Insurance: Have you got it covered?

by  — 19 November 2012

Insurance cover cannot prevent the worst from happening, but it will provide expatriates some support if it does. It also offers peace of mind that you will not leave loved ones in the financial lurch writes Adrian Bliss.

We all need a certain level of insurance and expatriates are no exception, so it could pay in the long run to get into the habit of annually checking whether you have enough insurance cover in place. Also be mindful that existing life cover taken out may not be valid due to your relocation. Life cover has to be top of most expatriates’ essential policies. When determining the level of cover you need, you should check out what policies you have in place already. For example, you may have some cover from your employer, you might also find life cover included in another financial product – such as a mortgage or another investment. Once you have assessed what cover you already have, you can then plug any gaps.

Generally the level of cover you need to go for should be enough for your family to continue with their existing lifestyle and be debt free. So look at all your outgoings – future as well as existing. For example, if you have young children, remember to calculate for their school fees. The cheapest and most basic type of life cover is level term assurance. It pays a fixed and guaranteed lump sum if the person insured dies at any time during the term of the policy. The premiums can be either fixed or they can increase in line with inflation.

Another popular form of life cover is whole of life assurance. This will give a guaranteed pay out to your dependents at any time up until death occurs. This is a more expensive form of cover due to the guaranteed pay out, but can also be used in tax planning due to the investment element. Your premiums buy units in an investment fund offered by the insurance company. How much the policy grows will depend on how much is being deducted to pay for the whole of life cover.

Increasingly, expatriates are turning to critical illness cover, which is designed to replace your income should you suffer an illness leaving you unable to work for a certain period. Particular attention needs to be paid to terms and conditions the policy can and cannot pay out against, as well as the illnesses covered.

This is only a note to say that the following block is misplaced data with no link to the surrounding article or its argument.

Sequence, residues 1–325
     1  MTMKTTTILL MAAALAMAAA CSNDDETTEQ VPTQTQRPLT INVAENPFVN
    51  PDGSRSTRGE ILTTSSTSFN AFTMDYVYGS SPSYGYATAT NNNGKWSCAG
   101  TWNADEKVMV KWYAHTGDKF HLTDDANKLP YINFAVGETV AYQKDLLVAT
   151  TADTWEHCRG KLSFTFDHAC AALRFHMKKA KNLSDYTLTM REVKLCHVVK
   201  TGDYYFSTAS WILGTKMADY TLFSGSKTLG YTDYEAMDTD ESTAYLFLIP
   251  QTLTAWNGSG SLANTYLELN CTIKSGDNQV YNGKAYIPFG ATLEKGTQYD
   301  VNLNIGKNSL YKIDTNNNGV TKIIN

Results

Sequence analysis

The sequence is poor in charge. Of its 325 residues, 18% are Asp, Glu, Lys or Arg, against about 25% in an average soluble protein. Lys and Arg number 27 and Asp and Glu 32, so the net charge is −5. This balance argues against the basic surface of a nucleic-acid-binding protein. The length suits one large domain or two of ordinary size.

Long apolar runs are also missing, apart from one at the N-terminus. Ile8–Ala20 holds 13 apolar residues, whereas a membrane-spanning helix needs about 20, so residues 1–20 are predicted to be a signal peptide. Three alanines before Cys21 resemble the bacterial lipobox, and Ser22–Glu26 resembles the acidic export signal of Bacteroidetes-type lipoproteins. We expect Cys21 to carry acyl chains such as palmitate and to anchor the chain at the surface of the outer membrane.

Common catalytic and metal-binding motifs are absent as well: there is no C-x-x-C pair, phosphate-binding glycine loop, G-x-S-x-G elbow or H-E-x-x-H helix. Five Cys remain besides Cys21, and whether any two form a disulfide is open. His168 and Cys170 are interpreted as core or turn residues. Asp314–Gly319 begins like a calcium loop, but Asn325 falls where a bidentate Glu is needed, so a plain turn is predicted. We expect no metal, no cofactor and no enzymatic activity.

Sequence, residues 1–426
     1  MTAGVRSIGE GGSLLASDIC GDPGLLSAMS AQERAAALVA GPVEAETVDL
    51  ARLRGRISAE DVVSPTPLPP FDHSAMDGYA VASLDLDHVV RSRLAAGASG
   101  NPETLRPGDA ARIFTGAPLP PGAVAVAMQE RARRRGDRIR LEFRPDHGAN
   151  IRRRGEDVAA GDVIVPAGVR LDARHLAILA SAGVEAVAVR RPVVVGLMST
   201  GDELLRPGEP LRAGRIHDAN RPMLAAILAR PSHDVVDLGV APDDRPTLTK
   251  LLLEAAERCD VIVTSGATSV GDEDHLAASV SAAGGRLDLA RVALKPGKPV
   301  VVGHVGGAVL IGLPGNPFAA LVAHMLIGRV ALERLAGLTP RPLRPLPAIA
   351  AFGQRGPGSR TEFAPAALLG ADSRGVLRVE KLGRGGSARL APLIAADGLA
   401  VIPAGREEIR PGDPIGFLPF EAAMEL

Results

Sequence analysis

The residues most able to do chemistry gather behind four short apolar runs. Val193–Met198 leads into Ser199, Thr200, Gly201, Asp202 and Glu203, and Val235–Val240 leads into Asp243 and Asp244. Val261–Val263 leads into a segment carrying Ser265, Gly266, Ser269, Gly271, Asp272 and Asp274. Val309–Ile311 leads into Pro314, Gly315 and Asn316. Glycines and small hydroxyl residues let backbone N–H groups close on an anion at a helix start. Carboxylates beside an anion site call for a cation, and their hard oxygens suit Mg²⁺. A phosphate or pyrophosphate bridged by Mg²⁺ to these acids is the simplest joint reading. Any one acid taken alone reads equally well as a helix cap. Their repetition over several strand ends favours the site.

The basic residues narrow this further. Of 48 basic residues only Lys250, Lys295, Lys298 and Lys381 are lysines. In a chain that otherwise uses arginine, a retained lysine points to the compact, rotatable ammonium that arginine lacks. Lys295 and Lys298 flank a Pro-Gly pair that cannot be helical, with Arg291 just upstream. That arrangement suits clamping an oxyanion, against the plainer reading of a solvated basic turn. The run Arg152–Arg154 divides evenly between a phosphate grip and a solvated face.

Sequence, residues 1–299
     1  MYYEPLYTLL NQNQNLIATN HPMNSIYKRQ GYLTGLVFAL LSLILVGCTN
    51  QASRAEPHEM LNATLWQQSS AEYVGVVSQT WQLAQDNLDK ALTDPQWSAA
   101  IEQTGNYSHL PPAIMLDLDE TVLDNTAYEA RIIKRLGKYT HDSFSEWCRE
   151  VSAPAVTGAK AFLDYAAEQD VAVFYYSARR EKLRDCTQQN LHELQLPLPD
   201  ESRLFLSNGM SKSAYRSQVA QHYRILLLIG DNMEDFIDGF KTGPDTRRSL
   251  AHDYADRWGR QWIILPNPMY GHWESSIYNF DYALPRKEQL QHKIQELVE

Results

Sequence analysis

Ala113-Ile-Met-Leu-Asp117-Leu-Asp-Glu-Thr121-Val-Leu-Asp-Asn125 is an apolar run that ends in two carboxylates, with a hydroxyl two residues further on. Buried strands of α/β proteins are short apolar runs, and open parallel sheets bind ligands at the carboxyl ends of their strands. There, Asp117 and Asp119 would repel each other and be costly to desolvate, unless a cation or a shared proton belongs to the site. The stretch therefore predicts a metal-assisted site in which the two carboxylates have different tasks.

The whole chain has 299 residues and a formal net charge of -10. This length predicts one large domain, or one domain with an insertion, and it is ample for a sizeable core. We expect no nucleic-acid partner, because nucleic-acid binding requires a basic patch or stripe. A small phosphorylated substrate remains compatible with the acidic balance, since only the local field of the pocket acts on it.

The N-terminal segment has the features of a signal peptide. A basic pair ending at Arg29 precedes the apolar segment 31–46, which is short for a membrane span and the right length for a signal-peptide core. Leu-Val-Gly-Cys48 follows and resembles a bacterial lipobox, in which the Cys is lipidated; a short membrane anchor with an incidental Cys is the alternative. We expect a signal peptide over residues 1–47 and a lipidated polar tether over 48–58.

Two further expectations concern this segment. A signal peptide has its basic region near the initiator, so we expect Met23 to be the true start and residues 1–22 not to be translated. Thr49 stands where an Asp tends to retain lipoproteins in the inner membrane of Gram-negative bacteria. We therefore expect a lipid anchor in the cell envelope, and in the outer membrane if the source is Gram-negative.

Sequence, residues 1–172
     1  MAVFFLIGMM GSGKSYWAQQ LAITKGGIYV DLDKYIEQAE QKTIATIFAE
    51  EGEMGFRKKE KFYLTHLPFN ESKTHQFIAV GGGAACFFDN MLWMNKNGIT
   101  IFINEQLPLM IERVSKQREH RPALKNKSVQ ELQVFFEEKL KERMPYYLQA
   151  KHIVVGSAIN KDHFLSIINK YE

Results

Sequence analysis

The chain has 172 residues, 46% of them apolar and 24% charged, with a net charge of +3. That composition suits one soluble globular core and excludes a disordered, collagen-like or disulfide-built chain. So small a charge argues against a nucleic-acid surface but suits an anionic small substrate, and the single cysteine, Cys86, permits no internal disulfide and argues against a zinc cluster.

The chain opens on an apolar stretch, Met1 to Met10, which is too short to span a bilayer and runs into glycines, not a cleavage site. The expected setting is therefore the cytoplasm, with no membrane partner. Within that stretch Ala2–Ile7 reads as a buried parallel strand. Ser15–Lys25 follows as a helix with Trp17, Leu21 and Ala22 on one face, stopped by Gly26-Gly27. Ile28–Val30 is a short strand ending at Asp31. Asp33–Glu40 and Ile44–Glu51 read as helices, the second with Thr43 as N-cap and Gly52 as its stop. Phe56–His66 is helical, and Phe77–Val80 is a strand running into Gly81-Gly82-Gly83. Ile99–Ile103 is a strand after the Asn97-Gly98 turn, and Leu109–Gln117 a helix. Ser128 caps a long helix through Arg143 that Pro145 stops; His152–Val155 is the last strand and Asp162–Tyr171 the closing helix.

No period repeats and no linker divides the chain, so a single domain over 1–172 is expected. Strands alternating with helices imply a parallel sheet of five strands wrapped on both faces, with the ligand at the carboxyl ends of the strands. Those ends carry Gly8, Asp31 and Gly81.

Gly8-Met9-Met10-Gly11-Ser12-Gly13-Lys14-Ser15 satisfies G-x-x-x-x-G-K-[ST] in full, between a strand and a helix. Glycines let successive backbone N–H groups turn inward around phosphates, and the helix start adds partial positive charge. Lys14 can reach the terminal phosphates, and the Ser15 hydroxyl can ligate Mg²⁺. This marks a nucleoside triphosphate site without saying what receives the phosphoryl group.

It is also worth bearing in mind that most insurance cover is designed to pay out so long as premiums are kept up without interruption. Also consider what options you have to pay premiums. What is the maximum level of cover you can opt for?

Another key area of insurance for all expatriates concerns medical and health cover. Those with a full residency permit in Qatar can apply for a Health Card, which entitles you to certain free treatment at health clinics. While this is subsidised by the government, expatriates can be charged when being referred on to a hospital consultant and for subsequent treatments.

To begin with, check whether you have private health insurance cover included in your remuneration package. If you have a family, double check what cover is extended to them. Be sure to find out whether the cover provides for a wide range of medical treatment or does it only swing into action in the event of an emergency hospitalisation?

Expatriates must pay close attention when selecting medical insurance. A good plan is to draw up a list of your family’s likely needs and check that the individual allowance for each treatment is in line with typical costs for treatments in Qatar.  Careful assessment of your needs is crucial to ensuring you end up with the right product and cover to suit your lifestyle.

Adrian Bliss is a senior financial consultant at Guardian Wealth Management Qatar

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